Last Wednesday the Sun sent out a large CME, a cloud with particles, towards the Earth. Two days this cloud traveled through space before it reached Earth’s magnetic field. Here it started bombarding electrons in different molecules.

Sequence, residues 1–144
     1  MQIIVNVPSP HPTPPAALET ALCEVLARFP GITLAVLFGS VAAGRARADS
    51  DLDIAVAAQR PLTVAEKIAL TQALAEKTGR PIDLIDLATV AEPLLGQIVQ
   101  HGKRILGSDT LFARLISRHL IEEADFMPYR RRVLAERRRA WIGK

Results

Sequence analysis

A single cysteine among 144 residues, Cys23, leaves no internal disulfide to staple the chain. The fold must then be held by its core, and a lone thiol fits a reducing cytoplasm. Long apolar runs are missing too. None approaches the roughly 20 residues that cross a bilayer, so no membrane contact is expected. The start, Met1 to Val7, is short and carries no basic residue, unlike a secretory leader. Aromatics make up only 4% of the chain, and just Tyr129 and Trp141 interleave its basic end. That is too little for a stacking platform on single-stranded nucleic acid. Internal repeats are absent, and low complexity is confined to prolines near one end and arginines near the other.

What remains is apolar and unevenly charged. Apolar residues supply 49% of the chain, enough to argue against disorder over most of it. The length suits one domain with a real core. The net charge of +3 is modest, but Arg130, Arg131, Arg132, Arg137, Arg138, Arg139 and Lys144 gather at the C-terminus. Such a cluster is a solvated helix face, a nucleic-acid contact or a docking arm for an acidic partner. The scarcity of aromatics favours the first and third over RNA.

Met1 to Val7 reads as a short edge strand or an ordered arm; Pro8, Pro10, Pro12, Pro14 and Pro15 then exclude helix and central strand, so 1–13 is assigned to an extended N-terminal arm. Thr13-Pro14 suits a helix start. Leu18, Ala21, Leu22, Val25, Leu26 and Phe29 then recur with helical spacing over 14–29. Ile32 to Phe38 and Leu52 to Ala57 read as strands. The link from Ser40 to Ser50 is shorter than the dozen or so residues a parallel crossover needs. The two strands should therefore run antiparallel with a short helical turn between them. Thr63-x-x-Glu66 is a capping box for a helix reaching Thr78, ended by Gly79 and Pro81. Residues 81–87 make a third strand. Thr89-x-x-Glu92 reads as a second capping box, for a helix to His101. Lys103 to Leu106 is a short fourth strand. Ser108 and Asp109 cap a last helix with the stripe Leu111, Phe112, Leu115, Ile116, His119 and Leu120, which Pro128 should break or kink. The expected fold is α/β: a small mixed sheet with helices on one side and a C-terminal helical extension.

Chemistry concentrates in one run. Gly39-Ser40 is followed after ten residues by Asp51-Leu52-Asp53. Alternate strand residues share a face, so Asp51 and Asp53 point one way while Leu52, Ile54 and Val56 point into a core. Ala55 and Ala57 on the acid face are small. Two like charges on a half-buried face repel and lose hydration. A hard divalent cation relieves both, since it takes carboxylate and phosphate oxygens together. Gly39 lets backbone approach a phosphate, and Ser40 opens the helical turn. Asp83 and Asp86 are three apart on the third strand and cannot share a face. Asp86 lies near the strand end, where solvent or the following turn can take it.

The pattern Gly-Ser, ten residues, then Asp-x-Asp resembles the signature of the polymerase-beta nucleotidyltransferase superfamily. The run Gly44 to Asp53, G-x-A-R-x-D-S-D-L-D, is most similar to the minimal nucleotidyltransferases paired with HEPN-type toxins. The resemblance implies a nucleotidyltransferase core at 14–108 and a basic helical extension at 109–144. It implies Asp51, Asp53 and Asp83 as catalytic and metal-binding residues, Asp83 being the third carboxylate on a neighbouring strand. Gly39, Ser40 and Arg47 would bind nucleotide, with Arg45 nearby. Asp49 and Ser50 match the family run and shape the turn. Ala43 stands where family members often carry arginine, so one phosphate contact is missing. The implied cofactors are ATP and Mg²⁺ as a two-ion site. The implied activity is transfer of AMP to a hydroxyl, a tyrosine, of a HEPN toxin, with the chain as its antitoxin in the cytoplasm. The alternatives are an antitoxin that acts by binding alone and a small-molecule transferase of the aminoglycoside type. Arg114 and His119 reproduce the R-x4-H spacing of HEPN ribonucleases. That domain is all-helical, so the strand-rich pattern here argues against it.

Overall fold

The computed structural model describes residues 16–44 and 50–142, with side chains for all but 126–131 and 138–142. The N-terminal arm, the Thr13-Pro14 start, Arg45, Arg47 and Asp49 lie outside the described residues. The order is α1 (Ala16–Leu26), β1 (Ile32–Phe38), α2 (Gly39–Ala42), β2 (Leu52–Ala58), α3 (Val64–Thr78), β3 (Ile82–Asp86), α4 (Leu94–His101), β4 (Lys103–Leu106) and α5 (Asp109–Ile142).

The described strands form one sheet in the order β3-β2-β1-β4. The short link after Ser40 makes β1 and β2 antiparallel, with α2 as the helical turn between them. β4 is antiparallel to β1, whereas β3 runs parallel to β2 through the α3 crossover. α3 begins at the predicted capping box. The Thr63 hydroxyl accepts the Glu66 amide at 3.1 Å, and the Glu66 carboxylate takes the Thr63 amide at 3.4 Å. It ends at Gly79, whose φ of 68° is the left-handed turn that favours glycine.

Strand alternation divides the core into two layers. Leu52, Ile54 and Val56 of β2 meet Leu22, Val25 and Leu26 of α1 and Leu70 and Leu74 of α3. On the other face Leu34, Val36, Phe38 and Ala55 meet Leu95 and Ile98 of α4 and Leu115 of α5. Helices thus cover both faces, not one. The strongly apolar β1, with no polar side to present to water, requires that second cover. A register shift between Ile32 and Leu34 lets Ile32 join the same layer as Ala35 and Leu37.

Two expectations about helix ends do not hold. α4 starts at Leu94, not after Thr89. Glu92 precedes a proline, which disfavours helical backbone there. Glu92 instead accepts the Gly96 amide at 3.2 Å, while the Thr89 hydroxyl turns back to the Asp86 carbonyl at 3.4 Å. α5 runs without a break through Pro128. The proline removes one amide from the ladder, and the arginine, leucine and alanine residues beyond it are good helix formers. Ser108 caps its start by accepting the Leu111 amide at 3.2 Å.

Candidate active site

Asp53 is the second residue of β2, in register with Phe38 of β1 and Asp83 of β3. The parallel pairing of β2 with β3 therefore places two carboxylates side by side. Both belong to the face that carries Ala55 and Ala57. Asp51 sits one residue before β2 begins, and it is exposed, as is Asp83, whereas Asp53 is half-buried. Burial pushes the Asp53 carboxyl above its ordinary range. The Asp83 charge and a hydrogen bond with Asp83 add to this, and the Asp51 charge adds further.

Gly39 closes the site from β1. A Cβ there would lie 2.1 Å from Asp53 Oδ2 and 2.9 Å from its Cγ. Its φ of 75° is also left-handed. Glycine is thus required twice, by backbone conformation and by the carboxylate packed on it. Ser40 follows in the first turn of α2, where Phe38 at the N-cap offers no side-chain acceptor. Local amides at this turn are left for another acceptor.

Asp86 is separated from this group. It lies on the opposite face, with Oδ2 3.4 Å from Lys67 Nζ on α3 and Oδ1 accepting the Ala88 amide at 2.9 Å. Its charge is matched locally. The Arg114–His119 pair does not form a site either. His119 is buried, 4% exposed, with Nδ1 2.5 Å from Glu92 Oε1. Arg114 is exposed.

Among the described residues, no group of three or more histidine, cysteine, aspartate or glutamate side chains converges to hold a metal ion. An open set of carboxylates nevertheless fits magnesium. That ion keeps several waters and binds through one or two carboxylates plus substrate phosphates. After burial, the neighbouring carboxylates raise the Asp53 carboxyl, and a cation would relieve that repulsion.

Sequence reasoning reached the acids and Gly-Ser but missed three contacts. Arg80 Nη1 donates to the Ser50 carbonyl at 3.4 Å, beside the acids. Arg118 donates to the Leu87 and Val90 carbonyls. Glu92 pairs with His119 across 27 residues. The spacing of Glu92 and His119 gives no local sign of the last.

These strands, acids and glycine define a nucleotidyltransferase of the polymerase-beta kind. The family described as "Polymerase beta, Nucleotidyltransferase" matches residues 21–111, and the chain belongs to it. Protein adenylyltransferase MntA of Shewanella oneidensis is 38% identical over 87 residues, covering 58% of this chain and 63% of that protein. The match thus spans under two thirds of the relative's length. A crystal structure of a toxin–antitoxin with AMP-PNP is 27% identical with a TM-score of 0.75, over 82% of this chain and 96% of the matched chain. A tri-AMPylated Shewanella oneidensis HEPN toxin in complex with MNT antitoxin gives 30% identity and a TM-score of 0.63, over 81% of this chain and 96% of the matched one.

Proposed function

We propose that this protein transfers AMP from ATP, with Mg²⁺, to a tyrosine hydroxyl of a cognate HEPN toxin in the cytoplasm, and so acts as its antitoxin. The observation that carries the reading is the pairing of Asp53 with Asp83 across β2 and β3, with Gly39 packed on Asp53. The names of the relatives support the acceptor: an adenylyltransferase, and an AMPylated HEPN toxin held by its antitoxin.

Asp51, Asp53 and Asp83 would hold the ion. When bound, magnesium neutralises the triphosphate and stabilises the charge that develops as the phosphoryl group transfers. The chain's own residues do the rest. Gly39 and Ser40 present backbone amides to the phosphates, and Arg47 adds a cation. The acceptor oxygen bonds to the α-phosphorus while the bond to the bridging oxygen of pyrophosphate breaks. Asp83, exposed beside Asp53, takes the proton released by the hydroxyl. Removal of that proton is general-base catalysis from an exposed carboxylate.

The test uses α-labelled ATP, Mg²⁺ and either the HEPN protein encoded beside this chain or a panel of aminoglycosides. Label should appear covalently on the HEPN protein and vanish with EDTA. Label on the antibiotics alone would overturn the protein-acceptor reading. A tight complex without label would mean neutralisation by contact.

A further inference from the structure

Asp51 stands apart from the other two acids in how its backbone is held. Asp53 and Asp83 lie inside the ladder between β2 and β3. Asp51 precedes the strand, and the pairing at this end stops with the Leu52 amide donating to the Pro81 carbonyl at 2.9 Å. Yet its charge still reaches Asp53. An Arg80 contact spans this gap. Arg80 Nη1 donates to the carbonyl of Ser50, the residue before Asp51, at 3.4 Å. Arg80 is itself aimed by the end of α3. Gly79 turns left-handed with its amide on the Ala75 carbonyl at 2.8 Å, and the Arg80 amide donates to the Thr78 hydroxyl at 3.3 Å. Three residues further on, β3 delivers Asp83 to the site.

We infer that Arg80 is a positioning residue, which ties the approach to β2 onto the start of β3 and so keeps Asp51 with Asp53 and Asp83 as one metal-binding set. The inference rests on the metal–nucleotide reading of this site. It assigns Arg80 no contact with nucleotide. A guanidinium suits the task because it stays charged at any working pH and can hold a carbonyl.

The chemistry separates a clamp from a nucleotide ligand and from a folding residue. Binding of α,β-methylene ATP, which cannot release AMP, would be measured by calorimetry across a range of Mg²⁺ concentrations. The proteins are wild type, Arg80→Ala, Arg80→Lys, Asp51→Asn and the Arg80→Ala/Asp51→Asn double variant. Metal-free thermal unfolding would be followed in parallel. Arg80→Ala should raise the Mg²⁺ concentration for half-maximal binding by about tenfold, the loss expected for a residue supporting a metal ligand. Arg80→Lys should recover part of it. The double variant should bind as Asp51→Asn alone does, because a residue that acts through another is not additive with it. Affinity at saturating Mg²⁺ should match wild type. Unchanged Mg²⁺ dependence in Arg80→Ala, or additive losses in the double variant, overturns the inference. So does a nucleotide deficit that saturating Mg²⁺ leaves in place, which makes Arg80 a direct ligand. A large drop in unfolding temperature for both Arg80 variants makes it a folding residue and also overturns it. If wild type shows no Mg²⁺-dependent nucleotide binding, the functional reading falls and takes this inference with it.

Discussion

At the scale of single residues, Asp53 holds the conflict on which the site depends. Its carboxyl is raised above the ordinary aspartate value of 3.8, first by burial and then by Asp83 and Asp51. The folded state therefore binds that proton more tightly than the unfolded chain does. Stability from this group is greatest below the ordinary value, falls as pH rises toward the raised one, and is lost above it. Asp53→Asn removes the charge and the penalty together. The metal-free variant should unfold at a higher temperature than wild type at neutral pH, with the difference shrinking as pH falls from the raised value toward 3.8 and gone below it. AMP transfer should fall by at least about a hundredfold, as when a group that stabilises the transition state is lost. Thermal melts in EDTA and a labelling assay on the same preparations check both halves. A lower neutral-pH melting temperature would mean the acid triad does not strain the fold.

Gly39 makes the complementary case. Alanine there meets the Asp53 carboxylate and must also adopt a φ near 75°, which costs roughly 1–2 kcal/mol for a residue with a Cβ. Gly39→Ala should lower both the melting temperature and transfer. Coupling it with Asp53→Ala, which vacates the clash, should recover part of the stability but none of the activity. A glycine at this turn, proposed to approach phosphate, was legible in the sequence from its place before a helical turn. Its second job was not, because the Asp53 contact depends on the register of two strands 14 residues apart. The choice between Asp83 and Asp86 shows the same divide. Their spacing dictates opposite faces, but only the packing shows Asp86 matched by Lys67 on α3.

In the mean time, down on Earth, several inhabitants got quite excited as those electrons will emit light when they fall back to their normal orbit. This light causes one of the most spectacular sights visible from the Earth: the Aurora borealis. I’ve seen it several times when I lived in Sweden or was guiding in Greenland, however I never took really nice pictures. Last year we went to Iceland in the hope to capture the Aurora, but clouds prevented this. Last winter we tried again in Vesterålen, Norway, with more success. Even though there were quite some clouds, we managed to capture so nice Auroral displays. However, would I be able to capture it this time as far south as the Netherlands? All excited I decided to go to the Waddensea, one of the northernmost parts of the Netherlands and one of the darkest. Here I set up my camera to make a time-lapse movie and just sat down and waited. Unfortunately the nearly full Moon made it more difficult to see any. In fact, we spent nearly 3 hours on the dyke, but didn’t see any. However, my second camera did clearly see a purple haze in the sky. And also the time-lapse camera captured this spectacular phenomenon. Not as nice as it would have been further north, but I’m really excited that I was able to capture this in the Netherlands!